I've been using GraphicsMagick ever since debian switched to that package for better compatibility. I have been very happy with it; it is fast, versatile and, as I learned to day, more secure. Some of my users e-mailed me to warn me of the ImageMagick vulnerability, It's good that I could sleep through this one.
On a related note, not sanitizing incoming filenames is just bad security practice. It's the very first thing I do to any uploaded file.
My own experience with youtube was the same as the OP. This was several years ago, and youtube has changed a lot since, but it looks like the more things change, the more they remain the same. I had a semi-popular channel, nothing spectacular, about 100,000 channel views and maybe a thousand subscribers. At the time it was not bad for a guy who just posted some of his own sports clips.
The entire channel was yanked one sunny day, without any explanation as to why and no recourse or way to appeal. The automated support was entirely useless. I could not get a hold of a human, or at least, an e-mail address. There were none to be found. Youtube, as it appeared at the time, was entirely ran on automatic. It is, on one hand, understandable for a site that receives several years worth of uploaded material each minute. On the other hand, it was a thoroughly frustrating experience as I have done absolutely nothing wrong. To this day I have no clue as to what happened, my best guess is that someone reported me for the evulz, and that was enough.
I tried again to rebuild my channel with new material. About 6 months later the same thing repeated, at which point I gave up and never registered again.
The moral of the story is: you have to be corporate big, or you have to self-host. Otherwise, you are always at risk.
That, and many others. Procedural generation is not new.
I did enjoy the article, though. It was well written, well illustrated and fun to read. I have recently written some 2D game code that was generating a different kind of dungeon (not rectangular rooms, more organic / cave like environment. That was a fun project.
An article doesn't have to be about the cutting edge latest smart phone to be interesting. (I admit to have very little interest in smart phone news. I might read some articles when the time comes to buy a new handset...)
Why is that?
As a fellow daily Perl 5 user, I would be very interested to see your experience with Perl 6. Have you just "seen" it, or have you actually used it?
QT is modular. This allows them to add features (you call it bloat, but I don't think it means what you think it means), and then it is up to application developers to pick and choose the modules that they want or need.
The demand for more features is omnipresent, and software developers can either choose to fulfil them one way or another, or lose their market share to someone else who does.
Using web technologies to embed rich content into your application is not unheard of. The Steam client comes to mind as an obvious example: most of their UI lives in a webkit container. We do it at the company I work for, because it allows us to release new client and server versions separately. (We have a good reason to do that, not going into details.)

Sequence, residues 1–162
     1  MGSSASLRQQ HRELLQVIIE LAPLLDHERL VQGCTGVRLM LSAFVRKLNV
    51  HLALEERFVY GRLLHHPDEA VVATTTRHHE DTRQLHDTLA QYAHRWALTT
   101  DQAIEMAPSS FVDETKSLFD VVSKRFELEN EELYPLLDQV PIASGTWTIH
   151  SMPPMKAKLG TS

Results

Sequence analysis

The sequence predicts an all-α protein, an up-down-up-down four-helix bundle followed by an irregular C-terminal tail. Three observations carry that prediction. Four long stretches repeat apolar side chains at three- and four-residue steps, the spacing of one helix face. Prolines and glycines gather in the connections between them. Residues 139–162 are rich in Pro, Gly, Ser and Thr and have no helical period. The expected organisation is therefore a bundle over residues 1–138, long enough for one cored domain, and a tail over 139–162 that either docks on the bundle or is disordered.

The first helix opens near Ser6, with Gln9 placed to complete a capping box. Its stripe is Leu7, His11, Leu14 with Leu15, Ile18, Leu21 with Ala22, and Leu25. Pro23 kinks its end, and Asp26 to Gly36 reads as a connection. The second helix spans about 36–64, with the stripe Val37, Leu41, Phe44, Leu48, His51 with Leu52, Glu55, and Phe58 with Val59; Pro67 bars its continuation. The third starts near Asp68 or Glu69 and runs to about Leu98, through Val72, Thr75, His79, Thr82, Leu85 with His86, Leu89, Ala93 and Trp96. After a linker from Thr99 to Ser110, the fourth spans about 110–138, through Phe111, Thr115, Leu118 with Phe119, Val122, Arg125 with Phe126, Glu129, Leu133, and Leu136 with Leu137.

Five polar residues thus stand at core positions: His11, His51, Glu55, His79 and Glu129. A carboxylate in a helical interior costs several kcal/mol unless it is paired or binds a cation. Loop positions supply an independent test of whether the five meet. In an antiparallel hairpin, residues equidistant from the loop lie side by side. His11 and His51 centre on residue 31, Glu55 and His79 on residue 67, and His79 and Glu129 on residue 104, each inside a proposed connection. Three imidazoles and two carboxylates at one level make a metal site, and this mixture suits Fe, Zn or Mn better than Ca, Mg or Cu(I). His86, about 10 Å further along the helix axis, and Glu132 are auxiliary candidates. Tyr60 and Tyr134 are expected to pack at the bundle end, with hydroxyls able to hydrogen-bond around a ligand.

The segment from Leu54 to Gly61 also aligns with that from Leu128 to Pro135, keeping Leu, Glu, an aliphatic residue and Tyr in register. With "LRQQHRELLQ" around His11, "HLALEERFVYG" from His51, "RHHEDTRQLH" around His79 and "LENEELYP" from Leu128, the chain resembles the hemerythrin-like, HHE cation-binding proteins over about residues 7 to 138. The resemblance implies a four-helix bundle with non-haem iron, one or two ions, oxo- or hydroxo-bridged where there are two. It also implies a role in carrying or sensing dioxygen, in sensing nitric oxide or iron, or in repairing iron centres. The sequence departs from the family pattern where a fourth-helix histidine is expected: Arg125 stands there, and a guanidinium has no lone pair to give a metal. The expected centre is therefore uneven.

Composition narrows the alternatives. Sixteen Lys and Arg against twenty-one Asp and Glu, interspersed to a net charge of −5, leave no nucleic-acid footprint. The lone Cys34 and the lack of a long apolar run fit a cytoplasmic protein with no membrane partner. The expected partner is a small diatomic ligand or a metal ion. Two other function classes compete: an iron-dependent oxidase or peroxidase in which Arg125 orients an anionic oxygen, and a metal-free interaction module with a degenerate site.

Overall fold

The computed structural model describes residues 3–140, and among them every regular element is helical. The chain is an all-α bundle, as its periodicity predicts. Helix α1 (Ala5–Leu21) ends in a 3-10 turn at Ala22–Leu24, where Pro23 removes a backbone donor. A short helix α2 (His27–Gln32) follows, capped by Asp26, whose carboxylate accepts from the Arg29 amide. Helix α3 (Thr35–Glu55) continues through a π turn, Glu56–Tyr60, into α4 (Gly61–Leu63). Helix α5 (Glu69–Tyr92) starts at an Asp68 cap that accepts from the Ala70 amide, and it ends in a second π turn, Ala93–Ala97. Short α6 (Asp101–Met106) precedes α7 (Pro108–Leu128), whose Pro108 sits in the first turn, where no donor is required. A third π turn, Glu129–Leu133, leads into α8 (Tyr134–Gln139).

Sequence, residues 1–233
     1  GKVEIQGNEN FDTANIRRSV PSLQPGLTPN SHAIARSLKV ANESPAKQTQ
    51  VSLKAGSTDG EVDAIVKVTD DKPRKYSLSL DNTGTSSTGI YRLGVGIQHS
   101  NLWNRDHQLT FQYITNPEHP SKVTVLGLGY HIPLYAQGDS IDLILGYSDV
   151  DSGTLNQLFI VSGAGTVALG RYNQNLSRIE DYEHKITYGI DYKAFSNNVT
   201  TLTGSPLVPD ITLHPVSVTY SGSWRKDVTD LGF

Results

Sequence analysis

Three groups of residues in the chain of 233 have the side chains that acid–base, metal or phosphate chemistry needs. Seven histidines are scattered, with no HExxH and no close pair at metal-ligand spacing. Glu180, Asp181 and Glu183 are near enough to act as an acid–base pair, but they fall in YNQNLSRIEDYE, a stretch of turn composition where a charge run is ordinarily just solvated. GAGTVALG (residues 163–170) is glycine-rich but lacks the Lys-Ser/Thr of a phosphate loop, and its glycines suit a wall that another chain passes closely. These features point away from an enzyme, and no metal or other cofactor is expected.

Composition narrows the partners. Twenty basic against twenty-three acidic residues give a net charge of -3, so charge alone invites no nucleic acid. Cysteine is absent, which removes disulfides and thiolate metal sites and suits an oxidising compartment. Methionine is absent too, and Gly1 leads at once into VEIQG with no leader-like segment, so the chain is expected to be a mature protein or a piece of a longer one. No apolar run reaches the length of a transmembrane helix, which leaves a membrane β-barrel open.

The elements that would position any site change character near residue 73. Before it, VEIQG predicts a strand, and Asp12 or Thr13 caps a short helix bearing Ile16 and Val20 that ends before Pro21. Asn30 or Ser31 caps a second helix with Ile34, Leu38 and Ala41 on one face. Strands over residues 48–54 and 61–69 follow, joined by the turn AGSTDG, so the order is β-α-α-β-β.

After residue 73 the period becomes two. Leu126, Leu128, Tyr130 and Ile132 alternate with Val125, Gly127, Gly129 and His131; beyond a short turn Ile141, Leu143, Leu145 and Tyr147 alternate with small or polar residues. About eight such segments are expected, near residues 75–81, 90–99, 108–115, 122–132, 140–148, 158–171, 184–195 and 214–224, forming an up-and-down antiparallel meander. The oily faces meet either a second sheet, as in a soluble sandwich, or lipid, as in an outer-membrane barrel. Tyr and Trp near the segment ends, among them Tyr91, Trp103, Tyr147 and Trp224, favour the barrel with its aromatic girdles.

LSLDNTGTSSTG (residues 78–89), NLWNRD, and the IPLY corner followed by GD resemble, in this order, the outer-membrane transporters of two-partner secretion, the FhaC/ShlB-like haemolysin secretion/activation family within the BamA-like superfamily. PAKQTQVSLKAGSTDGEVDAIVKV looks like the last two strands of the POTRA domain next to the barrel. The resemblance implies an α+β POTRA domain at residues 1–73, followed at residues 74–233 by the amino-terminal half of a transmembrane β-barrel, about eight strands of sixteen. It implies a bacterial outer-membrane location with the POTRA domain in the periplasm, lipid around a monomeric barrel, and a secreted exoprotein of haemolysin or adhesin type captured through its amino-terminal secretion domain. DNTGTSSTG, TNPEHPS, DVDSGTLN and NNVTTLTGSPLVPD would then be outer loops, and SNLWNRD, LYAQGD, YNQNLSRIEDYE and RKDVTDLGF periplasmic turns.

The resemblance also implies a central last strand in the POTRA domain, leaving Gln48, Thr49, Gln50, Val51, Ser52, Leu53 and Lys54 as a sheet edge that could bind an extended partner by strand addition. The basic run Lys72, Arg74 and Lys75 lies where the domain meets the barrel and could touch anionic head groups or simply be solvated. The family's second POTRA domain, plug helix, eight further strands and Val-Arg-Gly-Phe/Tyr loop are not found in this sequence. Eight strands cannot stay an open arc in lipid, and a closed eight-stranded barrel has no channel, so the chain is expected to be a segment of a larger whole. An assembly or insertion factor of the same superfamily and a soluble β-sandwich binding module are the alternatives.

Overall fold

The alternative is either to launch an external browser and display your application's content there, which is cumbersome and then you end up having to test your application with all the browsers in the world to make sure it's compatible. Yet another alternative is to use a non-webbased rich content widget; in this case you are likely to end up with something inferior AND with a smaller pool of experienced developers to hire from.
The article does not state which court it was and if the ruling is likely to be overturned, but it's great to see a sudden outbreak of common sense like this one.
I am happy to maintain my illusion of privacy as far into the 3rd millennium as possible..
I shall replace you with a perl script!! A very simple one will do..
You are making entirely valid, but irrelevant points. I've done all the things you mention. I didn't go into it because it is mostly irrelevant to the discussion at hand. I guess the only thing I disagree on is the "over" part of "oversimplification".
Oh. And thank you for not mentioning legacy Internet Explorers, I do appreciate that.
Firefox can either choose to keep up with new features or lose 90% of its share to Chrome. I'm actually happy they going forward because part of HTML5's appeal is that it is multi-vendor and is not solely controlled by a corporation like Google or Apple. Yes, it is "bloat", as in, lots of new features that you personally might not be using today. But someday you, or your friend will come across a site that uses one of these new features and if the site says "Sorry, you are using a backwards browser, please try Chrome instead", we both know what will happen. (You of course will scoff and close the site, but 10 other people will switch for every lean browser snob out there.)
Point is, browsers are evolving. Deal with it.
When did "outside the USA" become "under a rock"? Did I miss a meeting?
I find humanity's ability to eradicate previously deadly and epidemic diseases to be something to wonder at. Personally I rate this little wonder of the world higher than the Moon landing.
Is it just me, or does the word "offer" in the article title sound biased?
"Piracy forces upon heavy metal a new business model" might be closer to the truth. At this point the fact is that the music industry must adjust its practices and find revenues outside the sale of physical media. They can turn to live tours, merchandise or whatever else, but calling this an "offer" is just as much a misnomer as "piracy".
We all like praise, but a hike in our pay is the best kind of ways.